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Fistula healing after using Remicade?

Has anyone been lucky to hv got anal fistula healed after Remicade? I

I v had two abscess surgeries and the later one never closed and formed fistula. After using Humira for 9 months..the track even increased. Doctor hv now shifted me to Remicade. Continuing Azathioprine along
Keeping fingers crossed 🤞

If anyone has their experience with Remicade regarding fistula healing..pls share
 

my little penguin

Moderator
Staff member
https://www.mdedge.com/hcvhub/article/109650/gastroenterology/increase-infliximab-dosing-heal-crohns-fistulas

SAN DIEGO – It takes more than the usual 5 mg/kg of infliximab to heal perianal fistulas in some Crohn’s disease patients, according to a multicenter review of 117 cases.

The investigators aimed for trough levels of at least 10-20 mcg/mL, higher than the usual target of perhaps 7 mcg/mL or less. Doing so generally required 10 mg/kg every 8 weeks, but a few patients needed 10 mg/kg or even 15 mg/kg every 4 weeks. Fistulas healed in 63 (54%) patients and closed in 36 (31%).

Dr. Andres J. Yarur
Dr. Andres J. Yarur

Troughs of at least 10 mcg/mL and a history of dose escalation were both independent predictors of fistula healing, defined as the absence of drainage. Patients with fistula healing had significantly higher infliximab levels compared to those with active fistulas (18.5 vs. 6.5 mcg/mL; P less than .0001), and there was an incremental gain in healing with higher infliximab levels up to 50 mcg/mL. The association between infliximab levels and fistula healing had an area under the curve of 0.82 (P less than .0001) and the association with fistula closure was 0.69 (P = .014).

“Infliximab levels needed to achieve fistula healing were higher than what [has] been described for mucosal healing. Achieving higher infliximab levels in patients with Crohn’s disease and perianal fistulas may improve outcomes and should be considered in a treat-to-target strategy. At least 10-20 mcg/mL may be needed to achieve fistula healing in some patients,” concluded investigator Dr. Andres J. Yarur, a gastroenterologist at the Medical College of Wisconsin, Milwaukee.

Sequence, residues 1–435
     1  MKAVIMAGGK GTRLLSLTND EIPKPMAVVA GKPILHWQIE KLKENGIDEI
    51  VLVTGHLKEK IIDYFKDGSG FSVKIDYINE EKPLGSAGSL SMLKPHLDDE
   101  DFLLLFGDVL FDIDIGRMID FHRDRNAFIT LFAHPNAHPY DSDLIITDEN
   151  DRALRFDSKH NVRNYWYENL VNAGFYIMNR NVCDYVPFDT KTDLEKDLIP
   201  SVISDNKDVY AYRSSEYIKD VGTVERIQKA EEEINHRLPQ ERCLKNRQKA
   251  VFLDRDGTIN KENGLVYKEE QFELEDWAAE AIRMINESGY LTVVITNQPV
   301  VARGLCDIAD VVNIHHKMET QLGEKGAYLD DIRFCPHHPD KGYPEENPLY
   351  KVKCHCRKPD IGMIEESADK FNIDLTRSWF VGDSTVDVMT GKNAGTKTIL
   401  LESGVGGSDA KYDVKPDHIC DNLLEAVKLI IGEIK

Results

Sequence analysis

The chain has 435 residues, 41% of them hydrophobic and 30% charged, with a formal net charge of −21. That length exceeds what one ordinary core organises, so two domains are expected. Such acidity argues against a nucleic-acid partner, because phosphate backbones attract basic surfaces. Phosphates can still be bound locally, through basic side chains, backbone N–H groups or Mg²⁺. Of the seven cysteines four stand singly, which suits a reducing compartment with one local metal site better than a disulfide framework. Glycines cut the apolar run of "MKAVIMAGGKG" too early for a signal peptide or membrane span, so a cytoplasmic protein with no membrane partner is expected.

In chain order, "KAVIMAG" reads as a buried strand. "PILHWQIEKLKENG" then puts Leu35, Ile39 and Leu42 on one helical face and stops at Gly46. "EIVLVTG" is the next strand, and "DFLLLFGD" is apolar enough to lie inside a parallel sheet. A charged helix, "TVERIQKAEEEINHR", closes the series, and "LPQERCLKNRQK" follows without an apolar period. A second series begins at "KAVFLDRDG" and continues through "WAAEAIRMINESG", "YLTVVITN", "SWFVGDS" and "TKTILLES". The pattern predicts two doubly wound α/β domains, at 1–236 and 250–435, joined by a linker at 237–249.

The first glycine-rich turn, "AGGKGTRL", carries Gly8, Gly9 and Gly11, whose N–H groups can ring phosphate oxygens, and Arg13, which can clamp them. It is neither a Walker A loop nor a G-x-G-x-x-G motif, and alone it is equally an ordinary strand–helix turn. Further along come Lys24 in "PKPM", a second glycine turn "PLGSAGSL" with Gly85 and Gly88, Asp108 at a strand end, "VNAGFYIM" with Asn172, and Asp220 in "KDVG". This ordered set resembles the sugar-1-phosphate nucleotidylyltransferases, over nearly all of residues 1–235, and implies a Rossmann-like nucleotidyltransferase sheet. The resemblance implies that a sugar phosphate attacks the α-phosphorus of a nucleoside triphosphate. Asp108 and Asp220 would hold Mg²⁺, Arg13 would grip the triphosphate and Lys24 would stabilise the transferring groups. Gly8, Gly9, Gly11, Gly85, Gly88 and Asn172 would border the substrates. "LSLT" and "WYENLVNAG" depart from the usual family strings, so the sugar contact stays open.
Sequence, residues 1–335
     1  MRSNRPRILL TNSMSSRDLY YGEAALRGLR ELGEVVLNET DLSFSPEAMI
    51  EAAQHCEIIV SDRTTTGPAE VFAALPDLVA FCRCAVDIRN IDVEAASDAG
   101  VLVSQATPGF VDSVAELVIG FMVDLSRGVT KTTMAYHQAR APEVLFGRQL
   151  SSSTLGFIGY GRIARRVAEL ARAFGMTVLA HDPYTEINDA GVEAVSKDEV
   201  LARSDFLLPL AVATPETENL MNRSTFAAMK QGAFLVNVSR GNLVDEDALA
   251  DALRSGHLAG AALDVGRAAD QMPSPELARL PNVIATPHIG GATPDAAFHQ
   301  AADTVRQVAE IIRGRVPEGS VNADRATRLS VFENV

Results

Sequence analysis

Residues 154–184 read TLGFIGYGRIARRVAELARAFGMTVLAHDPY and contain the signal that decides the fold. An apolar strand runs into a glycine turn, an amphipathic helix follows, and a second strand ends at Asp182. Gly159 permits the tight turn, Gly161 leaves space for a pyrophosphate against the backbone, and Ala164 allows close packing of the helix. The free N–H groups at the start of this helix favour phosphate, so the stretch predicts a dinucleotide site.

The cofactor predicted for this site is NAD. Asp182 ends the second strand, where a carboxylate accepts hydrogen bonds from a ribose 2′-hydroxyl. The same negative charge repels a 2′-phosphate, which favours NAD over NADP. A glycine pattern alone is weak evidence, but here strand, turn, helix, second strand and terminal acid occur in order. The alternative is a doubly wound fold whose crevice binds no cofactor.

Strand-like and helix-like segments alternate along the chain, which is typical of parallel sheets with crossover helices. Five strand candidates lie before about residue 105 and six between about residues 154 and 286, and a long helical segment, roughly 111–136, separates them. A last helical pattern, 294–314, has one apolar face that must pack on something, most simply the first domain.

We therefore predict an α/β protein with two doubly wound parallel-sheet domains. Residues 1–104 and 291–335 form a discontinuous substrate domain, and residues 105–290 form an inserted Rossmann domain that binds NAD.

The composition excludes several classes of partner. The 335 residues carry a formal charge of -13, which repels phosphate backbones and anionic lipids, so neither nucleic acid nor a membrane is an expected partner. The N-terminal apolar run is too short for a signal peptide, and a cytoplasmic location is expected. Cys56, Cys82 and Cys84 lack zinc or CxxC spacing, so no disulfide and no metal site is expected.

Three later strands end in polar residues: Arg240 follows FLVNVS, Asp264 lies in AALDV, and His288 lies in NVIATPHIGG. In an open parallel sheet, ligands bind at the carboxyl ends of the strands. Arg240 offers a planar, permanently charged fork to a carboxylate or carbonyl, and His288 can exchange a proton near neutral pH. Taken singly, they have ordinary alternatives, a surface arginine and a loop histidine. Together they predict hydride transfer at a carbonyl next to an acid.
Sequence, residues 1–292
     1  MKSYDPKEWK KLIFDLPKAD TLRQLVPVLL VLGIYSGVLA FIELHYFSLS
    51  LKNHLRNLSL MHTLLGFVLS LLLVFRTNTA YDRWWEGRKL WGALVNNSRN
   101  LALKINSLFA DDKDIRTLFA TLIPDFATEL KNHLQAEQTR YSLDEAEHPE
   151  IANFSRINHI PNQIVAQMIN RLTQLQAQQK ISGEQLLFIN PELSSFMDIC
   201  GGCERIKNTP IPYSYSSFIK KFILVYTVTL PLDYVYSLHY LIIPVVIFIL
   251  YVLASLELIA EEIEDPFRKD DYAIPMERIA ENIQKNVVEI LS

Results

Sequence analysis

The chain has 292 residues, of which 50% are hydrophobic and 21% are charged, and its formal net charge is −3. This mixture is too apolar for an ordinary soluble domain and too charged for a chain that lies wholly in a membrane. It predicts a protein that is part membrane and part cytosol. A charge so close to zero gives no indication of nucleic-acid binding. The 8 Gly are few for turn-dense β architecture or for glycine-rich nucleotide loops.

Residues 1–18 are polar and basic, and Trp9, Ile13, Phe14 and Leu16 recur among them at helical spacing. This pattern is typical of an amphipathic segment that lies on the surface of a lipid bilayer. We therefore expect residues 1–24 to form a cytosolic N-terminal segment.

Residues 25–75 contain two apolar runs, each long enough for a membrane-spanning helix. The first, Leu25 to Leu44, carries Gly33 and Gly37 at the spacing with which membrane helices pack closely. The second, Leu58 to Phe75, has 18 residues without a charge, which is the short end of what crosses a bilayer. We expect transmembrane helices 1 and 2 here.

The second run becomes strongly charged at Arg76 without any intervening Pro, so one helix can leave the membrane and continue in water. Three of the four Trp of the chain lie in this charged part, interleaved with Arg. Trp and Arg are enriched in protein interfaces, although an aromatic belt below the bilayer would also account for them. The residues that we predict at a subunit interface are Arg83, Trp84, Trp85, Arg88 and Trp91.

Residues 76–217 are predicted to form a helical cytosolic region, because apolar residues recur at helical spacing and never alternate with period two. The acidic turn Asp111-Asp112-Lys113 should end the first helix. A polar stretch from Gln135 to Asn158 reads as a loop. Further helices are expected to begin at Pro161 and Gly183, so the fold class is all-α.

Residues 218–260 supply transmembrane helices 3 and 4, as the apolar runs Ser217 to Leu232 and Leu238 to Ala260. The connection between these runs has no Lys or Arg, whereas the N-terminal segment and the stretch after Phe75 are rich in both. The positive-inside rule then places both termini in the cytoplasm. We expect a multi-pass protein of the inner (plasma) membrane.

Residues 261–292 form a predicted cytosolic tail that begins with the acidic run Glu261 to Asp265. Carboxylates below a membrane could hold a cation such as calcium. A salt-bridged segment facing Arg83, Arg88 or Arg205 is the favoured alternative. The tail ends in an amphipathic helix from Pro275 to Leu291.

“Obviously, in somebody with active perianal fistulas” at a trough of 30 mcg/mL, “it’s time to try something else, but I don’t give up on infliximab at a level of 7 mcg/mL, like a lot of people do. I’m kind of aggressive with these patients.” There wasn’t a formal assessment of adverse events, but “we have not really seen any side effects,” he said at the annual Digestive Disease Week meeting. One audience member remarked that the findings will likely change how he treats Crohn’s fistulas.

Dr. Yarur said he wasn’t surprised by the findings, “but I have more reassurance now” that aggressive dosing is the way to go for aggressive Crohn’s.

The patients were an average of 39 years old, with a mean disease duration of 12 years; about half were women. They were on infliximab for a median of 19 months. Infliximab antibodies dropped the likelihood of healing (odds ratio, 0.04; 95% confidence interval, 0.005-0.3; P less than .001) and closure (OR 0.038; 95% CI, 0.005-0.3; P less than .0001). About two-thirds of the patients were on concomitant immunomodulators, but they did not increase the odds of healing (OR 1.7; 95% CI, 0.8-3.7; P = .157).

“We usually start at a standard dose of 5 mg/kg, and then start checking troughs at week 14, before the first maintenance dose, and adjust” upward to hit the trough target. However, dosing also depends on “how much I think the patient needs. I don’t think we should standardize trough levels,” Dr. Yarur said. The team checks levels with the homogeneous mobility-shift assay from Prometheus Laboratories. “The type of assay you use is very important,” because interpretation of the results varies from one to the next.

De-escalation is on a case-by-case basis. “I would be very careful de-escalating somebody [who] has very aggressive disease. Many times patients don’t want to go down. They say ‘I feel good doc. I have no side effects. Leave me on my dose,’ ” he said.

There was a lack of cross-sectional imaging in the study; the investigators couldn’t distinguish simple fistulas from complex ones in their review.

Dr. Yarur had no disclosures. There was no industry funding for the work.
 
Thanks my little penguin
That’s quite informative. I m on my initial doses right now but surely will discuss that with my GI. Currently he s giving according to 5mg/kg rule.
Let’s hope for the best
 
I had excellent results with Remicade healing my fistulas and keeping them closed for a few years after I stopped it. I hope it works for you.
 
I was on it for almost 10 years, I think. I decided to stop when I got pregnant. When I tried to go on a few years later, I had developed antibodies and had a couple of infusion reactions.

I definitely recommend staying on it once you start. If I could do it over again, I wouldn't have stopped it.
 
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